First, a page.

set_unused_handling() - processing remaining tags

This function defines what to do with tags that remain after all tags have been classified using the functions above. There are two ways in which the function can be used:

set_unused_handling(delete_keys = ..., delete_tags = ...) deletes all keys that match the descriptions in the parameters and moves all remaining tags into the extratags list. set_unused_handling(extra_keys = ..., extra_tags = ...) moves all tags matching the parameters into the extratags list and then deletes the remaining tags. For the format of the parameters see the description in set_prefilters() above.

Example

local flex = require('import-full')

flex.set_address_tags{
    main = {'addr:housenumber'},
    extra = {'addr:*', 'tiger:county'}
}
flex.set_unused_handling{delete_keys = {'tiger:*'}}

In this example all remaining tags except those beginning with tiger: are moved to the extratags list. Note that it is not possible to already delete the tiger tags with set_prefilters() because that would remove tiger:county before the address tags are processed.

Customizing osm2pgsql callbacks

osm2pgsql expects the flex style to implement three callbacks, one process function per OSM type. If you want to implement special handling for certain OSM types, you can override the default implementations provided by the flex-base module.

Changing the relation types to be handled

The default scripts only allows relations of type multipolygon, boundary and waterway. To add other types relations, set RELATION_TYPES for the type to the kind of geometry that should be created. The following kinds of geometries can be used:

  • relation_as_multipolygon creates a (Multi)Polygon from the ways in the relation. If the ways do not form a valid area, then the object is silently discarded.
  • relation_as_multiline creates a (Mutli)LineString from the ways in the relations. Ways are combined as much as possible without any regards to their order in the relation.

Example

local flex = require('import-full')

flex.RELATION_TYPES['site'] = flex.relation_as_multipolygon

With this line relations of type=site will be included in the index according to main tags found. This only works when the site relation resolves to a valid area. Nodes in the site relation are not part of the geometry.

Adding additional logic to processing functions

The default processing functions are also exported by the flex-base module as process_node, process_way and process_relation. These can be used to implement your own processing functions with some additional processing logic.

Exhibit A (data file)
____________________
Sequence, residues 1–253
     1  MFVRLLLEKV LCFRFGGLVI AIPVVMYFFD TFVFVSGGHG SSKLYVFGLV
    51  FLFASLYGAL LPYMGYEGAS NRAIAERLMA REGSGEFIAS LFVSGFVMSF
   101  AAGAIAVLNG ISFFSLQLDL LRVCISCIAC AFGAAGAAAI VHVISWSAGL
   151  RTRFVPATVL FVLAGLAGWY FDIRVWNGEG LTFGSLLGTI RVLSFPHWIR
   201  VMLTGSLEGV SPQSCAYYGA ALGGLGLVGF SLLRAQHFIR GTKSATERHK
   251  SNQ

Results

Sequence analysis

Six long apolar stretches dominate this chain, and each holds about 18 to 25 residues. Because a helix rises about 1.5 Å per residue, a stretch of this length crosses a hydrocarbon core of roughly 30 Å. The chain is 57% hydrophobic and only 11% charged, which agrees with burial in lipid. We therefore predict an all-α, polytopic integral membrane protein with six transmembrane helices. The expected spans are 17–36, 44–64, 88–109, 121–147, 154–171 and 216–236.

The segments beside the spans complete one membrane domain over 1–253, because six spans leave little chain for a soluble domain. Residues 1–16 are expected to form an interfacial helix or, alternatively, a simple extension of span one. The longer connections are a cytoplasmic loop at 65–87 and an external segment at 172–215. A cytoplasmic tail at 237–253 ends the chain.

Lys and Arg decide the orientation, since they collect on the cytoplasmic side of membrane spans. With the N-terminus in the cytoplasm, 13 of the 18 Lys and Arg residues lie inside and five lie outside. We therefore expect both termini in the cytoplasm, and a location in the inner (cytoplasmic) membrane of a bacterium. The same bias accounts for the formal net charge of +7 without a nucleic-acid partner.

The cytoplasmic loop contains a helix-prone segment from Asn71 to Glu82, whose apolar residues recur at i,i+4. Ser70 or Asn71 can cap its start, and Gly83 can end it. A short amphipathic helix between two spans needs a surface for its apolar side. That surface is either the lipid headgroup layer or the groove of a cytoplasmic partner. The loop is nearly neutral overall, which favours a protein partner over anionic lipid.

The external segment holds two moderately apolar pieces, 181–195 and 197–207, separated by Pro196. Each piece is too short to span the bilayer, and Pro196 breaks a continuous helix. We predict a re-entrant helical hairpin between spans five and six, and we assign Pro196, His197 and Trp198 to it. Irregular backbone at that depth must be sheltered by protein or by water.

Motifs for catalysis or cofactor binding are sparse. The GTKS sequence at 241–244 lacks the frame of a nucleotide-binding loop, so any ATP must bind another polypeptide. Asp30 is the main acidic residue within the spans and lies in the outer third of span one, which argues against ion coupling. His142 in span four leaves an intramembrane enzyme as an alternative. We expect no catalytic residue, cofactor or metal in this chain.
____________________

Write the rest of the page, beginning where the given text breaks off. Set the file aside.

Example

local flex = require('import-full')

function osm2pgsql.process_relation(object)
    if object.tags.boundary ~= 'administrative' or object.tags.admin_level ~= '2' then
      flex.process_relation(object)
    end
end

This example discards all country-level boundaries and uses standard handling for everything else. This can be useful if you want to use your own custom country boundaries.

Customizing the main processing function

The main processing function of the flex style can be found in the function process_tags. This function is called for all OSM object kinds and is responsible for filtering the tags and writing out the rows into Postgresql.

Example

local flex = require('import-full')

local original_process_tags = flex.process_tags

function flex.process_tags(o)
    if o.object.tags.highway ~= nil and o.object.tags.access == 'no' then
        return
    end

    original_process_tags(o)
end

This example shows the most simple customization of the process_tags function. It simply adds some additional processing before running the original code. To do that, first save the original function and then overwrite process_tags from the module. In this example all highways which are not accessible by anyone will be ignored.

The Place class

The process_tags function receives a Lua object of Place type which comes with some handy functions to collect the data necessary for geocoding and writing it into the place table. Always use this object to fill the table.

The Place class has some attributes which you may access read-only:

  • object is the original OSM object data handed in by osm2pgsql
  • admin_level is the content of the admin_level tag, parsed into an integer and normalized to a value between 0 and 15
  • has_name is a boolean indicating if the object has a full name
  • names is a table with the collected list of name tags